- Elon Musk, Investor & Entrepreneur
Times of economic uncertainty always show up sooner or later, no matter how great the economy seems to be doing in the years or decades beforehand. But although crises pop up from time to time, great leadership can make a huge difference.
But what if you don’t know how to lead a time of crisis and your business or employees are depending on you? This guide can help.
HOW A LEADER CAN MAKE ALL THE DIFFERENCE
Good leadership is arguably the biggest factor that separates businesses or organizations from success and failure in times of crisis. Leadership provides direction for a company that suddenly needs to adjust course or make radical changes across the board. Similarly, a leader can provide confidence and motivation for employees that might otherwise lose hope in their industry or in their personal plans.
People are more than willing to work hard if they have a leader they can believe in. In other words, a leader acts as a stabilizer or anchor for an organization. If you can be a great leader, your company will survive and possibly even thrive during a time of crisis when other companies go under.
The first thing you should learn to do is communicate openly – even more so if you’re already an open communicator. Communication is key in times of crisis, as your employees or subordinates will likely have tons of questions and be demanding answers. Now is not the time for strategic silence. Share everything you can that doesn’t compromise the company’s interests and you’ll gain the trust of your employees.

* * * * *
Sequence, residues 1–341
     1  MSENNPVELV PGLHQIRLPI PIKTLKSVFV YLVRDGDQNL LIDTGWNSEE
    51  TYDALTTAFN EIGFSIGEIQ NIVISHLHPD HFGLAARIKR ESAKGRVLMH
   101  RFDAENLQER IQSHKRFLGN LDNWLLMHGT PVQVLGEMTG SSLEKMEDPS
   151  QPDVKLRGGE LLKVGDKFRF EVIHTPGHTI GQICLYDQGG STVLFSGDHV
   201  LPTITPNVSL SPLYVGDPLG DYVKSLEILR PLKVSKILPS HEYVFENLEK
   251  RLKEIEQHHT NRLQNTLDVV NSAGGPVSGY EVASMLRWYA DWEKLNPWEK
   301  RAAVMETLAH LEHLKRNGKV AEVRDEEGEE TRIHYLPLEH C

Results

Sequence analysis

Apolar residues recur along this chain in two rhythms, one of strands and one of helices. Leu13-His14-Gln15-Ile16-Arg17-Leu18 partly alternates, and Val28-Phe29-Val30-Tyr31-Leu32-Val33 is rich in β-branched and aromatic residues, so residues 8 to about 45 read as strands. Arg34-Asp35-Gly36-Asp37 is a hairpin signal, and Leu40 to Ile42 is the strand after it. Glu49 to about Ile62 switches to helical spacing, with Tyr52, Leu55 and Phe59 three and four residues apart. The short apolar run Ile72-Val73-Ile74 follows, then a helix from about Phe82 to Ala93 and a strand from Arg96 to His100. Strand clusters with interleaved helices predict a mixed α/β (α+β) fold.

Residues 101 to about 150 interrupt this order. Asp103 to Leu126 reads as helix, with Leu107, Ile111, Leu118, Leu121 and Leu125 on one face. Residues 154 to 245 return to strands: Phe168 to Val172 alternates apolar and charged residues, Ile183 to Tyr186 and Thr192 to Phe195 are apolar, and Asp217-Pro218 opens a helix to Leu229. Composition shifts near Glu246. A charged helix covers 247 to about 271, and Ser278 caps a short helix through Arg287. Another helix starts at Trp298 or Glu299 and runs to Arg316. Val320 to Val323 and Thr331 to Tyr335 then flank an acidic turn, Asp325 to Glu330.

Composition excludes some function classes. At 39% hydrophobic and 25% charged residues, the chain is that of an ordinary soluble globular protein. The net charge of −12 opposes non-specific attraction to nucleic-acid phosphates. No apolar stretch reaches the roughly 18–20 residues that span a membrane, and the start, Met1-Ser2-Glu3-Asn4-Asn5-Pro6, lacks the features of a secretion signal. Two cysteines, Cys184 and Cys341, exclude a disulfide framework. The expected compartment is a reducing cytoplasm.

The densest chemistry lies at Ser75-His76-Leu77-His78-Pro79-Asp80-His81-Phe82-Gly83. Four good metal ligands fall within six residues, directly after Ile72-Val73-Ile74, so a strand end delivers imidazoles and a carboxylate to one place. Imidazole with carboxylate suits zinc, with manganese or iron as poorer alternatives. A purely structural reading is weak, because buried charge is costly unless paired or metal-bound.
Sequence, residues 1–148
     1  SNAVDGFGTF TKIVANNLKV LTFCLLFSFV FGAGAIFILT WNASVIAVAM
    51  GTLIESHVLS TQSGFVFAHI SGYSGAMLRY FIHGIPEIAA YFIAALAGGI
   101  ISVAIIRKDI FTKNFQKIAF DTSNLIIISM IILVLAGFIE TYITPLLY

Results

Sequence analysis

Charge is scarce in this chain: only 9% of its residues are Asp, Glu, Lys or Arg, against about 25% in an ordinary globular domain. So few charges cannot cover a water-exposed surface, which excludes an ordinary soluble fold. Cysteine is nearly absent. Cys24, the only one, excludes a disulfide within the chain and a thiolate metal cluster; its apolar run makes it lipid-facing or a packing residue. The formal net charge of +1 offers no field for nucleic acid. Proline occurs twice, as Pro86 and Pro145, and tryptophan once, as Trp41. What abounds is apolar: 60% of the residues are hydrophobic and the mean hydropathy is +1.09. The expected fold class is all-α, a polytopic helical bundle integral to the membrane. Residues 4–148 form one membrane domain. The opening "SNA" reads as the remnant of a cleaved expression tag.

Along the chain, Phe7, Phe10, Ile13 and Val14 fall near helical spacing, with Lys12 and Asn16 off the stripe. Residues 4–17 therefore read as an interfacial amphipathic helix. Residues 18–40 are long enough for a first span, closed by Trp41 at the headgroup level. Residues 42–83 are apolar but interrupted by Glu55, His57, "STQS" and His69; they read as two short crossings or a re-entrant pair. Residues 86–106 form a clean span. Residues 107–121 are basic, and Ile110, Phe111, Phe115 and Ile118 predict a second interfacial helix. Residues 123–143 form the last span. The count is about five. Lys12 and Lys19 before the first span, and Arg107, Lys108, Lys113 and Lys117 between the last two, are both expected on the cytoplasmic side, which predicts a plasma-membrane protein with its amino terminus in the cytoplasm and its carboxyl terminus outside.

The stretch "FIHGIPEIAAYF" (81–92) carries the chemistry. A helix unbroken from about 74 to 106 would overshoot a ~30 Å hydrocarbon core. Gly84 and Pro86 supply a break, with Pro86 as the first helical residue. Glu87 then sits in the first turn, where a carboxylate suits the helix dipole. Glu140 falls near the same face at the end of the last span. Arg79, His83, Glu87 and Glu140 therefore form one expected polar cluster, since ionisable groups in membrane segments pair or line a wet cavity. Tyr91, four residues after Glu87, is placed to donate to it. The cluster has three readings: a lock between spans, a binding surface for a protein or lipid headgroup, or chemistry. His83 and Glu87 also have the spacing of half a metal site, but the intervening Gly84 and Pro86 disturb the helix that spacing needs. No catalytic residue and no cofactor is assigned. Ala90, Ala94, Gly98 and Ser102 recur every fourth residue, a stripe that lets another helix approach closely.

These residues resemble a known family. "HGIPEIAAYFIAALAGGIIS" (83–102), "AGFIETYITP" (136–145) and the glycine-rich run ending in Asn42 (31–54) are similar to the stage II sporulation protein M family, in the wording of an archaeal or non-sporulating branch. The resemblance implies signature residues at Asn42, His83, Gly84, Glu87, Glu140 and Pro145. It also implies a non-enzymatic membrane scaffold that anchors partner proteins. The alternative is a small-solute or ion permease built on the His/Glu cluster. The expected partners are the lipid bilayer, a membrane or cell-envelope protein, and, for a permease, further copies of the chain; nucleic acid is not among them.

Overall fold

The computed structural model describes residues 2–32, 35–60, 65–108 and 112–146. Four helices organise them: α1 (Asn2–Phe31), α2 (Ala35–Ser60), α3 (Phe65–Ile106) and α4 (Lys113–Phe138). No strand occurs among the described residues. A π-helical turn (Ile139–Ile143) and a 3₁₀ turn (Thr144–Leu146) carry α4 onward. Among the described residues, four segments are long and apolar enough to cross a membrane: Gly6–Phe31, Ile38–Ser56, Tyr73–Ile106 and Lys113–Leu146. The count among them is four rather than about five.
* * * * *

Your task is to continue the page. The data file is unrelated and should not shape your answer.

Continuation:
Open communication also provides an additional benefit: it gives employees a window to share their concerns with you. Many of these concerns might be things you wouldn’t even think about due to your different positions. This, in turn, allows you to see more of a bird’s eye picture of the entire company and make smarter decisions in the long run.
BE DECISIVE, EVEN IF YOU MIGHT BE WRONG
Speaking of decisions… make them! One of the big responsibilities of leaders is to make decisions so that other employees can carry out those decisions. Learn to be decisive, especially in a time of crisis.
This is much easier said than done, of course, especially since tons of people worry that they might make the wrong decision and cause the company to spiral even further into catastrophe.
But this is the wrong way to look at things. Stalling your decision or being indecisive is actually worse than making the wrong decision. Say that you run a company and have to decide whether to lay off an entire branch of the organization or keep them on at significant financial risk. You have to make a decision one way or the other.
If you stall, you’ll look at decisive and your employees won’t feel confident in your leadership. Furthermore, they’ll blame you even more if things go bad without you making a clear decision.
But if you make any decision, you’ll at least look like an active and involved leader and motivate those who remain. Even if you end up making the wrong decision, you can take responsibility for the failure and learn from your mistakes.